The laser used to 3D print the cages is so precise that it was previously used to make this microscopic chimpanzee skull. Photo: Jason Shear
The most important zoos of the future might not house endangered lions or tigers. Instead, they could hold disease-causing bacteria.
Scientists at the University of Texas have begun 3D printing microscopic habitats to study bacterial communities. They say the tiny "cages" are better at reproducing the microbial environments of the human lungs and gut than traditional petri dishes.
Using a high-precision laser and a protein, the researchers continually print two-dimensional images onto a layer of gelatin where bacteria are being cultivated. As they add more protein layers, the 2D images slowly build up, creating an impenetrable "cage" that the bacteria are confined in. The technology was described in Monday's Proceedings of the National Academy of Sciences.
"We do another layer, and another, and so on, building up," said Jason Shear, one of the researchers working on the project. "It's very simple. We're basically making pictures and stacking them up into 3-D structures, but with incredible control. Think about the thickness of a hair on your head, and take 1 percent of that, and then take about a quarter of that. That's about the size of our laser when it's brought to its smallest point."
The process allows the researchers to control which bacteria live within any one cage. They're also able to control densities, which let them set up conditions that are nearly identical to the colonies that exist within humans.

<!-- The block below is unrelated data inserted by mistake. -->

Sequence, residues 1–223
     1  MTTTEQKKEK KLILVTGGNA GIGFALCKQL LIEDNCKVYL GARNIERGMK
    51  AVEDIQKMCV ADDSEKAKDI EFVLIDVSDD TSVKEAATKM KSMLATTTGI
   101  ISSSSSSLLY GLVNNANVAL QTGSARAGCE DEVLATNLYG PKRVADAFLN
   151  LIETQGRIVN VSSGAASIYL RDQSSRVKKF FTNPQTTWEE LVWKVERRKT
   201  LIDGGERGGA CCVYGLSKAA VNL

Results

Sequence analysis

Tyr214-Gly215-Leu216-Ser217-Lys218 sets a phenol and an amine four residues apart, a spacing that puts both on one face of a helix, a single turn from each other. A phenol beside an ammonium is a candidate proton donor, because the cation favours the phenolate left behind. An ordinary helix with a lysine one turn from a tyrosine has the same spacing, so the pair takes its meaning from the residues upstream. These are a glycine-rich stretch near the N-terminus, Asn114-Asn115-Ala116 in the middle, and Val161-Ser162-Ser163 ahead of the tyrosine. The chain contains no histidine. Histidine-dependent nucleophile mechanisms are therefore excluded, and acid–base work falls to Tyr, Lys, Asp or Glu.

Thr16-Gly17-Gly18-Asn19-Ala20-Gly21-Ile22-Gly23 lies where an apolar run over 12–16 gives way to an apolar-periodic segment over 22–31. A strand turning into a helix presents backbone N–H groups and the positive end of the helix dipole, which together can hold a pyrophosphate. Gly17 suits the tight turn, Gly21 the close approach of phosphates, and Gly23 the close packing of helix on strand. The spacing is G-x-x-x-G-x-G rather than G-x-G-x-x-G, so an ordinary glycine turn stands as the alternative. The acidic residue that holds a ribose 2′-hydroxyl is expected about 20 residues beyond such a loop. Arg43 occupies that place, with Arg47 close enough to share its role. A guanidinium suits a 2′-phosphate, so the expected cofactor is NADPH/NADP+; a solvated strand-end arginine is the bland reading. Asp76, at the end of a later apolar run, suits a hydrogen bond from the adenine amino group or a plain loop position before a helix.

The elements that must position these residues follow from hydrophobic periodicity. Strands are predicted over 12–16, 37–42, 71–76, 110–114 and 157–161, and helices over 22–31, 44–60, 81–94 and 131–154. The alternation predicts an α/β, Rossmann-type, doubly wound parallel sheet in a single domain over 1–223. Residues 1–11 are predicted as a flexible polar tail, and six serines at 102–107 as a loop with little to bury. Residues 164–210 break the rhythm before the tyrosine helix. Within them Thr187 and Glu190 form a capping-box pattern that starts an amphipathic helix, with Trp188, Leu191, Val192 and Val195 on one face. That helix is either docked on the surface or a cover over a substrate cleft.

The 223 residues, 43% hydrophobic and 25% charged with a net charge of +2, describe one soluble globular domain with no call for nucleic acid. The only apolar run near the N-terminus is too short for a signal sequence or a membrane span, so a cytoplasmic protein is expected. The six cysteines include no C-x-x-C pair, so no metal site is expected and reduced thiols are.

That's important, because recent discoveries suggest that bacterial arrangements and shapes can play important roles in causing disease.
"To gain detailed insights into how geometry may inﬂuence pathogenicity, we describe a strategy for 3D printing bacterial communities in which physically distinct but chemically interactive populations of deﬁned size, shape, and density can be organized into essentially any arrangement," the researchers write.
In practice, they're studying Staphylococcus auras, a bacteria that can cause skin infections and often develops antibiotic resistance. In cystic fibrosis patients, the bacteria interacts with another type of bacteria, Pseudomonas aeruginosa, which somehow seems to confer antibiotic resistance to the staph bacteria.
"What the technology allows us to do is put them in conversation with each other, in very precise ways, and see what happens," Shear said. "In this case the Staph sensed the Pseudomonas, and one result was that it became more resistant to the antibiotics."
Jodi Connell, another researcher on the project, says that the technology allows scientists to set up a kind of bacterial cage match, if you will.
"It allows us to basically define every variable," she said. "We can also much more precisely simulate the kinds of complex bacterial ecologies that exist in actual infections, where there typically aren't just one but multiple species of bacteria interacting with each other."